Congresswoman Zoe Lofgren, who represents a big slice of Silicon Valley, has gone to bat for the anonymizing Tor service.
In a letter [PDF] sent this week to the head of the Department of Homeland Security (DHS), Lofgren has asked some pointed questions about the role that the DHS played in a recent high-profile case where a network node was taken down following police involvement.
Lofgren wants to know if the DHS has an anti-Tor policy and if so, why. And she wants to know if there are other examples of the DHS flexing its muscles to limit the rollout of the service.
The small Kilton library in Lebanon, New Hampshire, was the center of that unexpected battle when its decision to offer an exit node for the Tor network led to the cops requesting an audience with the library's director and a number of city council officials. In that meeting they were warned that the node would assist child abusers, drug dealers, and terrorists.
The node was shut down immediately after the meeting, but following a counter-campaign and a meeting of the library's Board of Directors, it was turned back on.
What concerns Lofgren is the influence of the DHS in the saga, which was revealed following a freedom of information request. It turned out that it was a special agent of the DHS, Gregory Squire, who set the ball rolling.
Enter the cops
Squire noticed the reference to the Tor relay in a newspaper article and emailed a colleague complaining about it. The person who received the email, the commander of New Hampshire's Internet Crime Against Children Task Force, Thomas Grella, then contacted Sergeant Richard Norris at the Lebanon local police station. He and a colleague contacted and met with the library's IT director, Sean Fleming, and a number of unnamed city officials.
At that meeting it warned them that "the anonymity of the service would make it very difficult to track people engaged in criminal activity, such as child pornography, drug transactions, and terrorism."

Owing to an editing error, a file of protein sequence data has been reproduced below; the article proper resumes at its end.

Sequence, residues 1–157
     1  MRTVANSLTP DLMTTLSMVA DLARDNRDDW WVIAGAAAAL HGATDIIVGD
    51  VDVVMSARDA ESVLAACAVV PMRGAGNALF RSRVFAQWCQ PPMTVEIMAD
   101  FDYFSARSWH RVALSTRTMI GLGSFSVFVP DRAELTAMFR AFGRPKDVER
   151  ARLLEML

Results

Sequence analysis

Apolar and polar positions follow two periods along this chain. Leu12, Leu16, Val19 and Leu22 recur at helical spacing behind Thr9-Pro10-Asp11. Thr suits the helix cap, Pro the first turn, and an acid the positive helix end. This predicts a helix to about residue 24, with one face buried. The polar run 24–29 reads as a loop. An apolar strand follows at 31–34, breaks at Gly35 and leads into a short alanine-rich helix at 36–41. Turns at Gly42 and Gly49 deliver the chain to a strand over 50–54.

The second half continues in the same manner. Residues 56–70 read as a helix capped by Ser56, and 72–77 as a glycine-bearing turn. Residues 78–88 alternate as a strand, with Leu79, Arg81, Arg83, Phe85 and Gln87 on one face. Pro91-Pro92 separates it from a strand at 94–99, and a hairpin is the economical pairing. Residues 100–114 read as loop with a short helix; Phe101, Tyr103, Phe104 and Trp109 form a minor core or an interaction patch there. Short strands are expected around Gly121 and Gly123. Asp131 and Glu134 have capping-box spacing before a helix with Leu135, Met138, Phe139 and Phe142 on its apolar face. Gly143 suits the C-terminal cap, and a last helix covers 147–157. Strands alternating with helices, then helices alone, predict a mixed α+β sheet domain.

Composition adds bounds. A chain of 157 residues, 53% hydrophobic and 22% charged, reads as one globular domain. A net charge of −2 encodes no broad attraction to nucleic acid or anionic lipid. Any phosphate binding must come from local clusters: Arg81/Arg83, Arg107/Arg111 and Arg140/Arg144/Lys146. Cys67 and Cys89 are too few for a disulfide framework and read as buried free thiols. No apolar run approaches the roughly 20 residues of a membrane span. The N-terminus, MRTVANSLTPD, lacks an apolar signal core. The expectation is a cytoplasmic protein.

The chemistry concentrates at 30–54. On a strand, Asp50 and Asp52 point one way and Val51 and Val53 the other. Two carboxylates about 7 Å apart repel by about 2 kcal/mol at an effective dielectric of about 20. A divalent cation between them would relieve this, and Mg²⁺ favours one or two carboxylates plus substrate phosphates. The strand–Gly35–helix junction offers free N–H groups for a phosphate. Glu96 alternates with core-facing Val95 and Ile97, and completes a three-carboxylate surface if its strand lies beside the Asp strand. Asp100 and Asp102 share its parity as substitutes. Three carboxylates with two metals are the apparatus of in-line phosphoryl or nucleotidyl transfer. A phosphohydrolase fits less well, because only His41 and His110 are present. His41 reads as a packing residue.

"I request that the agency provide answers to the following questions," Lofgren asks in her letter:
- Was this interference with the Kilton Public Library's offering of privacy protection services the result of a DHS policy to persuade public or private entities from offering such services, or was this the result of an agent acting independently without authorization?
- If this was the result of an agent acting independently, what steps is DHS taking to ensure that in the future agents do not interfere with privacy protection services being offered to the public?
- Are there other instances where a DHS employee has been involved in pressuring or persuading other public or private entities to either stop offering privacy or anonymity services or to reduce the effectiveness of those services?
The Tor network and its ability to provide almost anonymous browsing has become a lightning rod for concerns over privacy and security online.
As Lofgren points out in her letter: "The Tor network is a product of research performed at the United States Naval Research Laboratory and DARPA, and is used by journalists, activists, dissidents, intelligence sources, and other privacy-concerned individuals to keep their web browsing activity private. The current version of the network still receives significant funding through government grants."
It may seem perverse that a US-government funded service used by US government employees and people whose activities align closely with US government goals, is the target of law enforcement efforts to limit or close it down.
The reality, however, is that while the service is used by "good" people, it is also used extensively by criminals to cover their traces and to set up websites on the "dark net" that sell illicit items. As a result, the Tor network has a very poor reputation in law enforcement's eyes.
While it seems extremely unlikely that the DHS has a formal policy about the Tor network, Lofgren's intent is no doubt to start the department down a path of developing one, which in itself should be helpful in instilling a more nuanced view of the technology in the eyes of the cops.
In related news, the Tor network announced Friday that it has a new executive director. Shari Steele was legal director and then executive director of the Electronic Freedom Frontier (EFF) for 15 years before leaving this year. She is credited with making the EFF a serious force in internet policy circles, and her move to Tor probably couldn't come at a better time. ®